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Ministry of the Attorney General

Part 5: Filing Documents

A Guide to Procedures in Family Court

Ministry of the Attorney General

April 2012, Revised September 2019

This guide does not provide legal advice. It is recommended that all parties seek legal advice where possible.

Inside this guide

  1. Information Before You Start Your Family Case
  2. Starting a Family Case
    • General Application
    • Simple Application (divorce only)
    • Joint Application
  3. Answers
  4. Financial Disclosure
  5. Filing Documents
  6. Serving Documents
  7. Required Steps
    • Mandatory Information Program
    • First Appearance
    • Conferences
  8. Motions
  9. Trial
  10. Motions to Change a Final Order or Written Agreement

Ce guide est également disponible en français.

ISBN 978-1-4435-3510-6 (Print)

ISBN 978-1-4435-3511-3 (PDF)

Filing a document means that you give staff at the court a document (usually the original).

Generally, when filing documents in a family court case, you need to:

  1. Choose the right court.
  2. Find out if you have to pay court fees to file your documents.
  3. Start or update the Continuing Record in your case.
  4. File your documents.

Choose the Right Court

If you are starting a new family court case, please see A Guide to Procedures in Family Court, Part 1: Information Before You Start Your Family Case about how to choose the right municipality and court for your case. There are rules about where you can start your court case.

If you are a respondent who has been served with an application, file your responding documents at the court location written on the documents you were served with.

If you are involved in an ongoing case, file your documents at the same court you previously filed or appeared at.

Court Filing Fees

There is no fee to file any documents at the Ontario Court of Justice.

There may be a fee to file documents at the Superior Court of Justice or the Family Court Branch of the Superior Court of Justice. For example:

If you can’t afford to pay your court filing fees, you can apply to have your fees waived by completing and filing a fee waiver request form. The court will look at your financial situation and decide whether you’re eligible. If you’re eligible for a fee waiver, you won’t have to pay most fees. You will be given a certificate which you must show to court staff when you go to file a document with the court.

Learn more about fee waivers.

The Continuing Record

Most documents that you file in your case must be included in a Continuing Record, which is kept in your court file at the courthouse. Usually, you and every other party share one Continuing Record for the case.

Parties are responsible for creating and updating the Continuing Record in their case. The Continuing Record is created so you, the other party, and the judge can find your documents easily when they are needed during your court case.

A Continuing Record usually has two parts, called volumes:

  1. The Endorsement volume, which must have a yellow cover page, includes:
    • A Table of Contents, which lists all the documents in your case that have been filed with the court. You must update the table of contents every time you file a document with the court.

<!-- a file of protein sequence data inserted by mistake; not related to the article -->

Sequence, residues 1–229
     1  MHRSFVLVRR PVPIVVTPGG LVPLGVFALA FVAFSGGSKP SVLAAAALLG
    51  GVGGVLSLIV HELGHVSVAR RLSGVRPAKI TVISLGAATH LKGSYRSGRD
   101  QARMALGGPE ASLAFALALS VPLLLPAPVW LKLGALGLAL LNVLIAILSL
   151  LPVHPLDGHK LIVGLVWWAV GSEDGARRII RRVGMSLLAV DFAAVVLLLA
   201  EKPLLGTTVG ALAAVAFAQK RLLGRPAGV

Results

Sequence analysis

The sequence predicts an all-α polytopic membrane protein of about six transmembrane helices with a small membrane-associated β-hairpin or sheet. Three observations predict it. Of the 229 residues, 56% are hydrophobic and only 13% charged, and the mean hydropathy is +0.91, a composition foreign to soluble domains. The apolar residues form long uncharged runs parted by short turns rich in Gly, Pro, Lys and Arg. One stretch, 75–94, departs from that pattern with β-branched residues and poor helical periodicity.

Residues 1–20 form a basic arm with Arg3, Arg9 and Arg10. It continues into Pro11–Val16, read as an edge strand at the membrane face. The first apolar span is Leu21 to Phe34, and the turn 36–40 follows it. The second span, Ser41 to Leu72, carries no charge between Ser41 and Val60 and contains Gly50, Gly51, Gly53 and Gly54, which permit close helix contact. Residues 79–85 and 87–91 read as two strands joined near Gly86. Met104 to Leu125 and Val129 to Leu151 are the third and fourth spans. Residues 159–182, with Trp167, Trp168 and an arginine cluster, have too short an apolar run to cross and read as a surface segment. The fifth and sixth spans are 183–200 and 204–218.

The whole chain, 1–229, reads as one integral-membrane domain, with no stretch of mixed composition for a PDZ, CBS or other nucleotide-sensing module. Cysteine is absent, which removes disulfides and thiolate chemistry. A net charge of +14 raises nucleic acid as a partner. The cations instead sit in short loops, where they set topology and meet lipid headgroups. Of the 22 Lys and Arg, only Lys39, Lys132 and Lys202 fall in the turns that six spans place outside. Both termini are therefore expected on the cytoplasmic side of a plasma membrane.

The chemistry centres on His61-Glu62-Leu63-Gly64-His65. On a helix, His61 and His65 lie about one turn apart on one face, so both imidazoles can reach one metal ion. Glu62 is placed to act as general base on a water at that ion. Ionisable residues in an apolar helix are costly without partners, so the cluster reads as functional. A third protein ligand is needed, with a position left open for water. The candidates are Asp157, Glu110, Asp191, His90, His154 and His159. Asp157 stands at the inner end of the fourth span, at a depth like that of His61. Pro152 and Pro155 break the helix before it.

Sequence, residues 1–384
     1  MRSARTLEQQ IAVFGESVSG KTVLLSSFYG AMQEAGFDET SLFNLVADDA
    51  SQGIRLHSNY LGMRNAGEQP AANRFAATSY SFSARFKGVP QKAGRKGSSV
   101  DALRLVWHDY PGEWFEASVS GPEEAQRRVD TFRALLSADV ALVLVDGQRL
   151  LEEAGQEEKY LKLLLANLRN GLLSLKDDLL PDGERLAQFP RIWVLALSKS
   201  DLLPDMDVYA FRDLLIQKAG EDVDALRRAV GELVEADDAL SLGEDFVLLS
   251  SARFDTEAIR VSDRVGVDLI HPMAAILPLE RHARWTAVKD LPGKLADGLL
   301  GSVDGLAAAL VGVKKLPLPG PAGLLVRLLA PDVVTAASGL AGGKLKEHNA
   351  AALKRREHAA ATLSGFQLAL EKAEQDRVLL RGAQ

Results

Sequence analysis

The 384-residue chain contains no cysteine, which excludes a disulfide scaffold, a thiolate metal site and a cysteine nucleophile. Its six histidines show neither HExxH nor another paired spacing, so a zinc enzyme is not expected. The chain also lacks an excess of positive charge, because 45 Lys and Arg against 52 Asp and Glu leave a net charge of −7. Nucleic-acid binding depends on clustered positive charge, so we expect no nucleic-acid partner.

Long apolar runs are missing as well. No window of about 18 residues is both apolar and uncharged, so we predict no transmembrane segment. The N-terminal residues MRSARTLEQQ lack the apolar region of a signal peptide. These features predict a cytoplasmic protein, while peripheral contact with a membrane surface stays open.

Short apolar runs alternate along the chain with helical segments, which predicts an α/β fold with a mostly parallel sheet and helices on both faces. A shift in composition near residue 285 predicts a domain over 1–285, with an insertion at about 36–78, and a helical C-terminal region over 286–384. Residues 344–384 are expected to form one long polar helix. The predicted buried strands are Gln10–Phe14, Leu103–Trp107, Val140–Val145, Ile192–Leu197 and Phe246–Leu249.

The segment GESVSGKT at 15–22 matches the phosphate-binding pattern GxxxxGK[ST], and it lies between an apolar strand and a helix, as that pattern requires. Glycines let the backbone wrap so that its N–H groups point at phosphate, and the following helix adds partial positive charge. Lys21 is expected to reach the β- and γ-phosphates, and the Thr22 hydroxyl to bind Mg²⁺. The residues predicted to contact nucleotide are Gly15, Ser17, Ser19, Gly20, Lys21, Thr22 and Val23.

• Any endorsements or orders that the judge makes in your case. An endorsement is written direction from a judge that says what you must do or not do. It is usually handwritten and put in your court file.
  2. The Documents volume, which must have a red cover page, includes most documents filed in your case, such as applications, answers, financial statements, motions, affidavits, and trial management conference briefs.

Rule 9 of the Family Law Rules and the Formal Requirements of the Continuing Record under the Family Law Rules tell you how to create and update your Continuing Record.

Creating the Continuing Record

The person who starts a family court case (the applicant) is responsible for creating the Continuing Record for the case.

If you have a lawyer, they will create the Continuing Record for you. If you do not have a lawyer, court staff can give you the documents you need to create a Continuing Record, or you can find them online.

After you create the Continuing Record:

If somebody else filed the application or motion, you add your documents to the Continuing Record that they already created for the case.

Updating the Continuing Record

You and the other party update the Continuing Record by filing documents at the court after serving a copy of the documents on each other.

Generally, when you file a document with the court:

Court staff can help you figure out where each document goes in the Continuing Record.

Checking the Continuing Record

If you need to check something in the Continuing Record, you can go to the courthouse where the record is located and ask the clerk to see your court file.

However, it is best to make sure you keep a copy of every document you and the other party in your case files with the court. This allows you to keep track of your case yourself, without going to the court every time you need to check your records.

Exception for Documents Filed Electronically

The Continuing Record rules are different if you file a divorce application electronically using the Ministry of the Attorney General’s Family Claims Online filing service.

Generally, divorce applications filed electronically do not need a Continuing Record, unless you are required or intend to give documents to the court in paper format; in these circumstances, the Continuing Record rules apply to you as if you were the party who started the case (unless the court orders otherwise).

See Rule 36 of the Family Law Rules for more information about the Continuing Record requirements for documents filed online.